The essential context to this apparent move by Zakir, perhaps with some level of support from Mullah Omar, is that it comes after Pakistan’s powerful military, the Taliban’s principal foreign backer since its emergence in 1994, sought to establish a friendly relationship with President Ghani since he assumed office last September. Islamabad reportedly agreed to facilitate talks between Kabul and Pakistan-based Afghan Taliban leaders (RFE/RL, November 12, 2014). China, Pakistan’s closest international ally, is reportedly supportive of improved relations between Afghanistan and Pakistan, and has additionally pressured Islamabad to deliver the Taliban to the negotiating table (RFE/RL, February 16). Disappointed by these developments, Zakir decided to explore the possibility of creating a new sanctuary for the Taliban in Iran. When it ruled in Kabul, however, relations between the Taliban and Tehran were highly strained, and the two sides nearly went to war in 1998 after nine Iranian diplomats were killed following the Taliban’s recapture of the northern city of Mazar-e-Sharif (New York Times, September 10, 1998).
As there are no signs of the Taliban scaling down their operation, there is some possibility that Pakistan will respond to President Ghani’s overture by taking action against the Taliban leadership currently hiding in Pakistan. In such case, it is not only Zakir, but his senior colleagues including Mansour—who have enjoyed the protection of Pakistan—who may also become worried. Meanwhile, Zakir’s outreach to Iran additionally reflects the challenges facing Taliban’s Pakistan-based leadership, who are struggling to reassert control over commanders and fighters inside Afghanistan. It also reveals ongoing rifts among Taliban leaders. When Zakir was sacked as chief Taliban military commander in April 2014, a Taliban statement said he “resigned from the burdensome duties of the Military Commission because of his prolonged battle with ill health.”  In a thinly-veiled slight, the statement said Zakir was never a deputy to Mullah Omar, the Taliban supreme leader. Taliban sources say Zakir viewed this as a deliberate effort by Mansour to insult him and push him out of Taliban leadership circles.  Their rivalry has now seeped into insurgent cadres and is even turning into a tribal rivalry. Moreover, the recent outreach to Iran also indicates that the Taliban are divided on their response to the Islamic State, which would play a role in shaping the future relationship between the Taliban and Iran. For instance, while Iran might be willing to support anti-Islamic State Taliban, this, in turn, would increase the likelihood that pro-Islamic State Afghan militants would openly ally with the Islamic State.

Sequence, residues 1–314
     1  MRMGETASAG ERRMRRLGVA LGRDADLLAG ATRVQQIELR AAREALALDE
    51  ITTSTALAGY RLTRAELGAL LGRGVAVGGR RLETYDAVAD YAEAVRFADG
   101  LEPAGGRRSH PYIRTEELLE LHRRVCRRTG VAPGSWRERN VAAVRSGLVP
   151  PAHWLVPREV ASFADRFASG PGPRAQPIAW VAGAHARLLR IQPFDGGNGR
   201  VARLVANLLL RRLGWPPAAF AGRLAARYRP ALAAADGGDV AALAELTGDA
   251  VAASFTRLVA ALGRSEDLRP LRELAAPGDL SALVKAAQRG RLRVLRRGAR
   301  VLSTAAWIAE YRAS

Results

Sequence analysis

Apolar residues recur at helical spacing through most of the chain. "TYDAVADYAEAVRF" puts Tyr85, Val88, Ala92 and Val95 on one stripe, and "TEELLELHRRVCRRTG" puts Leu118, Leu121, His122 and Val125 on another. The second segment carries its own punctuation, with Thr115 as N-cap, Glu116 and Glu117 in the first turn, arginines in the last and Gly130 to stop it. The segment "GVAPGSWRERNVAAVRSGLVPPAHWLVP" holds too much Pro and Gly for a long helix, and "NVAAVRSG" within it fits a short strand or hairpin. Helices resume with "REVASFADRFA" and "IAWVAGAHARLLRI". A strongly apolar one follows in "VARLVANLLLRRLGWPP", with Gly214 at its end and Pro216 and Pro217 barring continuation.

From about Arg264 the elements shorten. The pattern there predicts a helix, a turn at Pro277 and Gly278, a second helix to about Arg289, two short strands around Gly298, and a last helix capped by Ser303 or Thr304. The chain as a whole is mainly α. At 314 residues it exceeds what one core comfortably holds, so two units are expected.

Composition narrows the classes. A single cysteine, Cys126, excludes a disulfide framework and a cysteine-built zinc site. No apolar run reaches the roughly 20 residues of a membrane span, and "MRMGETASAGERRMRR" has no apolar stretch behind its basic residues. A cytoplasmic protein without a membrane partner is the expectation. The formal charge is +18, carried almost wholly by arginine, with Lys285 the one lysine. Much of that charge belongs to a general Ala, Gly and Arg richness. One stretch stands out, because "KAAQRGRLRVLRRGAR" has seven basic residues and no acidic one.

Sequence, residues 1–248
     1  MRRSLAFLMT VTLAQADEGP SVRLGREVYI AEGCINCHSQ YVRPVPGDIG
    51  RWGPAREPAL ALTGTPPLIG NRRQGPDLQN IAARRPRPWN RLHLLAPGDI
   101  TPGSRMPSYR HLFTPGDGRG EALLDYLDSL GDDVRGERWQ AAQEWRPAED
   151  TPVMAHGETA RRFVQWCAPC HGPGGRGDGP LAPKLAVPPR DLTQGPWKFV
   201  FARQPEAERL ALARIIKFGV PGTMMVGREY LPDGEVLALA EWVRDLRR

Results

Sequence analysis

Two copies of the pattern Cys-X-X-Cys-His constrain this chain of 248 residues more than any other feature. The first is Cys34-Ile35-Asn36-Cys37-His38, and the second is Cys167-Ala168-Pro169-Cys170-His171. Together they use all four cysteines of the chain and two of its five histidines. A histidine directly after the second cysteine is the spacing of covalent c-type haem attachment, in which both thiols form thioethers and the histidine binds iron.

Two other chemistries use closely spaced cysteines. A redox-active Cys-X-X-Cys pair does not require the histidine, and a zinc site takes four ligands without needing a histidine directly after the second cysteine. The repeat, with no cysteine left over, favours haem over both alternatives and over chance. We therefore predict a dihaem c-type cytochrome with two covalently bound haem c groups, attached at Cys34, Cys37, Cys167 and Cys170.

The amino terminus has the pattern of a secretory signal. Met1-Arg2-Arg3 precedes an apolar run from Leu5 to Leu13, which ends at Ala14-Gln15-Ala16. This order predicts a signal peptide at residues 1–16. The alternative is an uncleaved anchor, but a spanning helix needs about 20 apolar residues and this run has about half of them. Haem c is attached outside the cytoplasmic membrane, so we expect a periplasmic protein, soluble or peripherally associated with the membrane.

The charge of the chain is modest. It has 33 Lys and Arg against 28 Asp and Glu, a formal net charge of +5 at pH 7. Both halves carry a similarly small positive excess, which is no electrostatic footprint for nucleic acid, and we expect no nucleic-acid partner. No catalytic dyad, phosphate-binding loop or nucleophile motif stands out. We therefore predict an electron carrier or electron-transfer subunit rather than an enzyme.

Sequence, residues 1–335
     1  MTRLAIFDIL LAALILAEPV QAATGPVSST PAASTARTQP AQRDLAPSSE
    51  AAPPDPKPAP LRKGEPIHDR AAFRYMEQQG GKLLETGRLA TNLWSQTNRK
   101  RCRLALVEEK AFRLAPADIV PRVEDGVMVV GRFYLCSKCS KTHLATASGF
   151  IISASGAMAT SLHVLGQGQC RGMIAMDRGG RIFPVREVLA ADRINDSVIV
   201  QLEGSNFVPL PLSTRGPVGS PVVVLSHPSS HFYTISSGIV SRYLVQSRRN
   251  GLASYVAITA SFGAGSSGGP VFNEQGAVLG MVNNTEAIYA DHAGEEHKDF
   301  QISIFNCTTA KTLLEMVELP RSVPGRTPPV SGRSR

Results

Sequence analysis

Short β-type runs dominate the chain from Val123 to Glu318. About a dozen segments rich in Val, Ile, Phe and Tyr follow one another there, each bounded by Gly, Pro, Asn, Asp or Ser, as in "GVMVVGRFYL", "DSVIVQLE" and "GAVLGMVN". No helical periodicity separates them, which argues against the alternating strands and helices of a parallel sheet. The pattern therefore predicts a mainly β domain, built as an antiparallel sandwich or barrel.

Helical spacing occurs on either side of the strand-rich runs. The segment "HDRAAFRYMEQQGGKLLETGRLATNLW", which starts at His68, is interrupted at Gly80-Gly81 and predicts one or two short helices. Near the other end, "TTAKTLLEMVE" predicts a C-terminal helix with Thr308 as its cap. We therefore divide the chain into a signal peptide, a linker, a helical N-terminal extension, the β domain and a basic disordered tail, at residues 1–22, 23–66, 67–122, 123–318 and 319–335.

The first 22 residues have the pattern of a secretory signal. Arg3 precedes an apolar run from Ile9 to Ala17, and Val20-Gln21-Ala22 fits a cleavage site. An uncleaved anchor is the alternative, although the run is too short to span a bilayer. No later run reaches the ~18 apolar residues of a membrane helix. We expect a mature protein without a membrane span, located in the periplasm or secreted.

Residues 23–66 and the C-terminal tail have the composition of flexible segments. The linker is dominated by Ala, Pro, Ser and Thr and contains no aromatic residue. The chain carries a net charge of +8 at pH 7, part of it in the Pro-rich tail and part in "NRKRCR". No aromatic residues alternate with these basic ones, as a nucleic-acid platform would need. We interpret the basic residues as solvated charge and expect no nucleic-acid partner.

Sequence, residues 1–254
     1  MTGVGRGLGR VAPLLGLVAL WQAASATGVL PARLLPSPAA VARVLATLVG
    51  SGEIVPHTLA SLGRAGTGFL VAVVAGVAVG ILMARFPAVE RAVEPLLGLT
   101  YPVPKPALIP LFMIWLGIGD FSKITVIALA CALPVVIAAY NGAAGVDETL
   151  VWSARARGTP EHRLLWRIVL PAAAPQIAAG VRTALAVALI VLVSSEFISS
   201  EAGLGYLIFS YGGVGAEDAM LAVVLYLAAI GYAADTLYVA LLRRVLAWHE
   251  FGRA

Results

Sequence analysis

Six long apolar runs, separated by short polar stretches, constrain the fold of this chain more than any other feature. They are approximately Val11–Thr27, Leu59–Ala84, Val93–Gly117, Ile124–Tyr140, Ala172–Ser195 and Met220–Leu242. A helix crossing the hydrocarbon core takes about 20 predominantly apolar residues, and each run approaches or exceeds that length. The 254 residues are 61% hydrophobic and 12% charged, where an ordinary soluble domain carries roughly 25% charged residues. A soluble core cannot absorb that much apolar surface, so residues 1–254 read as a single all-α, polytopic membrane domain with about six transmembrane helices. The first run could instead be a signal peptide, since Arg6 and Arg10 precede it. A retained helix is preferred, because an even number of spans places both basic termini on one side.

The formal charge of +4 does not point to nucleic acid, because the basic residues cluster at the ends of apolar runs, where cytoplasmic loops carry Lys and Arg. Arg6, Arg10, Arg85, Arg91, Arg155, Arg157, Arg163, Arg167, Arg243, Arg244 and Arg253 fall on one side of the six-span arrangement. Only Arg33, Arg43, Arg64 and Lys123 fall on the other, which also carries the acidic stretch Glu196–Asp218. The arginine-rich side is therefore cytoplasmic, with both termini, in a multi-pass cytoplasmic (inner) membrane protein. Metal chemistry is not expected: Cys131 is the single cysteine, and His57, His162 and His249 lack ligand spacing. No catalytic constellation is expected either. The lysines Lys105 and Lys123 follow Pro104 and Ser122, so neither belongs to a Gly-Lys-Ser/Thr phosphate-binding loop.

Hekmatullah Azamy is a research analyst at the Centre for Conflict and Peace Studies (CAPS), a think tank in Kabul. Abubakar Siddique is a journalist with RFE/RL and the author of The Pashtun Question: The Unresolved Key to the Future of Pakistan and Afghanistan (London: Hurst and Company, 2014).
1. Azamy interview with Mawlawi Amin (name changed), March 15, 2015.
2. Azamy interview with a Taliban commander who requested anonymity, March 12, 2015.
3. Azamy interview with Mawlawi Rahmani (name changed), Taliban figure in Helmand, June 8, 2015; Azamy interview with a Taliban commander, ibid.
4. Interview with Mawlawi Amin, op. cit.
6. The statement can be found at http://shahamat-english.com/category/statements/.
7. Azamy interview with Mawlawi Amin, op. cit.